The Used Car Market Is Still Healing

Photo: Getty Images (Getty Images)

The used car market has been a chaotic mess pretty much ever since the pandemic started, but according to one new study we’re pretty much back to normal.

The study, published by the car-buying app CoPilot, is ostensibly about the “best” states to be in the car market, as measured by market days. Market days, in this context, mean how many days it would take for the used car supply to be depleted at current levels of demand.

The higher the number, the higher the used car inventory. It’s apparently good to be a used car buyer right now if you live in Alaska:

Graphic: CoPilot

More interesting to me, however, is the graph below, which shows how market days have changed in the U.S. since the pandemic started. I’m not quite sure where CoPilot gets the number 40 as the “healthy market” number of market days, but the trend is quite clear, and follows the behavior you would expect.

Graphic: CoPilot

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In the beginning of the pandemic, the market day number jumped as people clung to their money out of economic uncertainty. In the middle of the pandemic people started buying used cars again — and quite a lot of them — because they were cheaper than new cars. And new car inventories had also been depleted.

By the end of this graph, where we are now, used car inventories are actually up slightly compared with where we were in February, before all the shit started. That’s surely in part because new car inventory has been rebounding. CoPilot also offers the following reason:

Despite increased car prices, the supply of used cars is also higher than it was a year ago by the measure of market days supply, or the number of days it would take to run out of dealer inventory at the current level of demand. One reason for this is that when the pandemic first hit, manufacturers delayed lease returns by incentivizing extensions. Those gently used, highly optioned, low-mileage cars are now coming back into the market, helping to fill up dealer lots. Under normal conditions, this influx of near-new supply would lead to lower prices for consumers, but the reduced availability of new vehicles has more consumers open to the idea of a used car. With more buyers in the market, prices for used vehicles have remained high.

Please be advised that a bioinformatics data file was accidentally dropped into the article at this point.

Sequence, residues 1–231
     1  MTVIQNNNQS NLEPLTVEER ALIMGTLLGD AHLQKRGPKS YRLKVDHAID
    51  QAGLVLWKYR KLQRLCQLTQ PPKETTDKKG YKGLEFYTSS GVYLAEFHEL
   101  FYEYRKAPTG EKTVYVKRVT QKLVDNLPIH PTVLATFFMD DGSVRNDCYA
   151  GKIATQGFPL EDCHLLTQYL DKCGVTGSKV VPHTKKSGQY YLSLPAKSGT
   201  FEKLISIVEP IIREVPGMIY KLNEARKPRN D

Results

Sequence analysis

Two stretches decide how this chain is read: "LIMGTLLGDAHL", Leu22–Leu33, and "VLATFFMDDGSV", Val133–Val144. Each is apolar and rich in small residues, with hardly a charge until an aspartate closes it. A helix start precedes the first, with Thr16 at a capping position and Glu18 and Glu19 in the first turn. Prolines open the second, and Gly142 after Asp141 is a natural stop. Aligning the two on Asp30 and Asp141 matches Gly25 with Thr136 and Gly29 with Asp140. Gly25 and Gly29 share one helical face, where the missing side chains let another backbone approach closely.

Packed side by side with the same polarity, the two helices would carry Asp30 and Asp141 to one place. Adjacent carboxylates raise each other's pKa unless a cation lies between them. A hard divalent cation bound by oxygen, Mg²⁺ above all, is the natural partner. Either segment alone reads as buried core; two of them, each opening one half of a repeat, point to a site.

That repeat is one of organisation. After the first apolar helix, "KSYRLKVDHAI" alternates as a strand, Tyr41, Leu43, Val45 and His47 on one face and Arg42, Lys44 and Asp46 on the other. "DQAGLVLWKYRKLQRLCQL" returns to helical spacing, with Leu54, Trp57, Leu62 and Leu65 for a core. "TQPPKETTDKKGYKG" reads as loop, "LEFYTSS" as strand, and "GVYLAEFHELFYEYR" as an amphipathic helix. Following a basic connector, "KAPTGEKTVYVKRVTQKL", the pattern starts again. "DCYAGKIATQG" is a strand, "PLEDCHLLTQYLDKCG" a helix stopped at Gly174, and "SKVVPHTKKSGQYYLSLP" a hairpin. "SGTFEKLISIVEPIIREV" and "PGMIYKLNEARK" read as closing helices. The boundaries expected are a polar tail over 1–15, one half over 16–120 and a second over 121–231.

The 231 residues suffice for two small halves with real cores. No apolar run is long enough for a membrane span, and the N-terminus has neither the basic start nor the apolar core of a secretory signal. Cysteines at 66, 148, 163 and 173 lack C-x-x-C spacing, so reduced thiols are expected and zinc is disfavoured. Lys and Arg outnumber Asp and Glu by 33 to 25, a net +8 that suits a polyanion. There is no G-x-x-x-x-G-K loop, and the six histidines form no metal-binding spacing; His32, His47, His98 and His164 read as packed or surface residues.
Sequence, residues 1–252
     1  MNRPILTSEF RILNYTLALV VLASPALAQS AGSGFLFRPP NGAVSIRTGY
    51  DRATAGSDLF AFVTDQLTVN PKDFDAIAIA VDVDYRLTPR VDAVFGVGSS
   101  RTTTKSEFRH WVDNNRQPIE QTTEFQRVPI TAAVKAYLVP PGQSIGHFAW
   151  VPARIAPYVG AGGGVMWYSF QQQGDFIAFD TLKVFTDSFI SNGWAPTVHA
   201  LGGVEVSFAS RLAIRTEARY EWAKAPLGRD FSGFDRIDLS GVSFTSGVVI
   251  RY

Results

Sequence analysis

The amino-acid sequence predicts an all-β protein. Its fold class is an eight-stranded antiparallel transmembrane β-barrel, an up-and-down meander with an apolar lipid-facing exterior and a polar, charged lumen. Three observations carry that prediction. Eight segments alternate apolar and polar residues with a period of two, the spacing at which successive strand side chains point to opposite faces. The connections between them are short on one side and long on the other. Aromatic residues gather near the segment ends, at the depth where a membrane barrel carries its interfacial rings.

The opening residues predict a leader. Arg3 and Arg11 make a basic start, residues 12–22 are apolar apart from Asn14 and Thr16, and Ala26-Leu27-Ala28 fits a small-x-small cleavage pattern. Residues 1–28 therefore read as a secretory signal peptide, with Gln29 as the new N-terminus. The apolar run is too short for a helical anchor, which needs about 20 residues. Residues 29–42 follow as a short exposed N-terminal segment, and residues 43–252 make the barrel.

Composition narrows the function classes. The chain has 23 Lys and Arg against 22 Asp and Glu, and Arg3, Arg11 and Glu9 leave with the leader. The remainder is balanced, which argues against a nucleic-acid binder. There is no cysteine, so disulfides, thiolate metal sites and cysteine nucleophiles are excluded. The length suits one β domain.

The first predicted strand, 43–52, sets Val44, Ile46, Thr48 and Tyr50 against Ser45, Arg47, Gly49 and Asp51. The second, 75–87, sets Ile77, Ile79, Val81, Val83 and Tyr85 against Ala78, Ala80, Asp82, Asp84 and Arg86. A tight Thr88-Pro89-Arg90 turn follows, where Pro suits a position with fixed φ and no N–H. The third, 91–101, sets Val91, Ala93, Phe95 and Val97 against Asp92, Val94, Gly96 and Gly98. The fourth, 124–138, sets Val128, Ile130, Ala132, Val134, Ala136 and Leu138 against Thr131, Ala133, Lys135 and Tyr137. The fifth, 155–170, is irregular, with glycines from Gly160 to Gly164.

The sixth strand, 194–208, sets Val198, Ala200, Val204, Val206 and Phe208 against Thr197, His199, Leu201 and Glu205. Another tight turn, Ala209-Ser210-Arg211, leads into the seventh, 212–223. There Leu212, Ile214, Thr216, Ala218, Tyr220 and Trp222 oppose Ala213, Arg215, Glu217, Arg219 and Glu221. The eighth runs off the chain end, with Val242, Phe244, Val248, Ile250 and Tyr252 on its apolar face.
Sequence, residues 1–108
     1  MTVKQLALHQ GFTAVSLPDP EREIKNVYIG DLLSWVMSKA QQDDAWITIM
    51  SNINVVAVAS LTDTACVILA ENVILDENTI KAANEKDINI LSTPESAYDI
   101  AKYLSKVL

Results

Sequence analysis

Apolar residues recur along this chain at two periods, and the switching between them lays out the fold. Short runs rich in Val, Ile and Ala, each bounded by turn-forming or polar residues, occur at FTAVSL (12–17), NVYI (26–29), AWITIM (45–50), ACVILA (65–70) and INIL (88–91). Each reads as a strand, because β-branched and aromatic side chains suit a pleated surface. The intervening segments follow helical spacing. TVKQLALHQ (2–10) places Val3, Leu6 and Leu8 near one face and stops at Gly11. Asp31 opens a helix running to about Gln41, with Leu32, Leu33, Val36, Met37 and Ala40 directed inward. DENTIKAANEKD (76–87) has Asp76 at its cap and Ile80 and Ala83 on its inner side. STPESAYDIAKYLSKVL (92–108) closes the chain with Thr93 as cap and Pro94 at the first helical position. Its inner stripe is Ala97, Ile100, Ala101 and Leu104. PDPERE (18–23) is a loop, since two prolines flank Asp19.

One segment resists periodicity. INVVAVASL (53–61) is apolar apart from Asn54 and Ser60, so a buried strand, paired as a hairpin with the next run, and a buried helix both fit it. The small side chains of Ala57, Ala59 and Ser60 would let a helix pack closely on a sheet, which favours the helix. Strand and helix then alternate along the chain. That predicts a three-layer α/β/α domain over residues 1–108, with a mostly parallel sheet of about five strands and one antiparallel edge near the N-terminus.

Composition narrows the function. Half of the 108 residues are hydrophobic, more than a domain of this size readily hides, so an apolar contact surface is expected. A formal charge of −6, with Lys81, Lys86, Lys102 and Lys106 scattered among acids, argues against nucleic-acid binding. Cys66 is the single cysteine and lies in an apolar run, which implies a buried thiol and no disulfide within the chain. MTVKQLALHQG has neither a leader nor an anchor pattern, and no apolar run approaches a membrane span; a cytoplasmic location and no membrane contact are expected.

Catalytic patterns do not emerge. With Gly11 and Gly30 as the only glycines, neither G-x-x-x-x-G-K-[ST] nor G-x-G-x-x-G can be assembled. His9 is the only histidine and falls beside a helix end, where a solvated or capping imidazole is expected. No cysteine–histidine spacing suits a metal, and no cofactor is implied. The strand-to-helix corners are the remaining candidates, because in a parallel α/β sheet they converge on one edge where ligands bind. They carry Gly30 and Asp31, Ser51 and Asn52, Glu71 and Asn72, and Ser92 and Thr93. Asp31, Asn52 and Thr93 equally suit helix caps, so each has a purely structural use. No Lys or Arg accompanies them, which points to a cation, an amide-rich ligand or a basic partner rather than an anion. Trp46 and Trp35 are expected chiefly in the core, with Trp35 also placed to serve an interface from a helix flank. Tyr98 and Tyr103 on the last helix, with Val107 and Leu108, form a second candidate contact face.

I will show you one more graph, this one illustrating that it’s a bad time to be in the market for used trucks and vans specifically:

Graphic: CoPilot

CoPilot says that it used data from a “proprietary dataset of more than 1.3 million used car listings” in the U.S., and I have no reason to think that it’s skewed in anyway, or that CoPilot has a reason to do so. Which is just to say, take all of this data with a grain of salt. And individual purchases, of course, will vary pretty widely no matter where you’re buying a car.

That said, CoPilot went to the effort of ranking metropolitan areas of at least a million people in terms of market days. You can see the results of that here if you’re so inclined. Rochester and Buffalo, New York, are first and second, for whatever reason.

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